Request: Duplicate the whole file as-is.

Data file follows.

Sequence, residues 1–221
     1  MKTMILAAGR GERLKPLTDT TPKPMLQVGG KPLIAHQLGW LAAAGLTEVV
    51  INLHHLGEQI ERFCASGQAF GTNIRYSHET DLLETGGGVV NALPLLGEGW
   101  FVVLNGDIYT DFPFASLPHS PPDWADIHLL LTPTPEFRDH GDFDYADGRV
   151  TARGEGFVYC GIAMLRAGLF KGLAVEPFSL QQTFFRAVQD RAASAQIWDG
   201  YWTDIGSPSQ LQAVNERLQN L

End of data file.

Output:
Sequence, residues 1–221
     1  MKTMILAAGR GERLKPLTDT TPKPMLQVGG KPLIAHQLGW LAAAGLTEVV
    51  INLHHLGEQI ERFCASGQAF GTNIRYSHET DLLETGGGVV NALPLLGEGW
   101  FVVLNGDIYT DFPFASLPHS PPDWADIHLL LTPTPEFRDH GDFDYADGRV
   151  TARGEGFVYC GIAMLRAGLF KGLAVEPFSL QQTFFRAVQD RAASAQIWDG
   201  YWTDIGSPSQ LQAVNERLQN L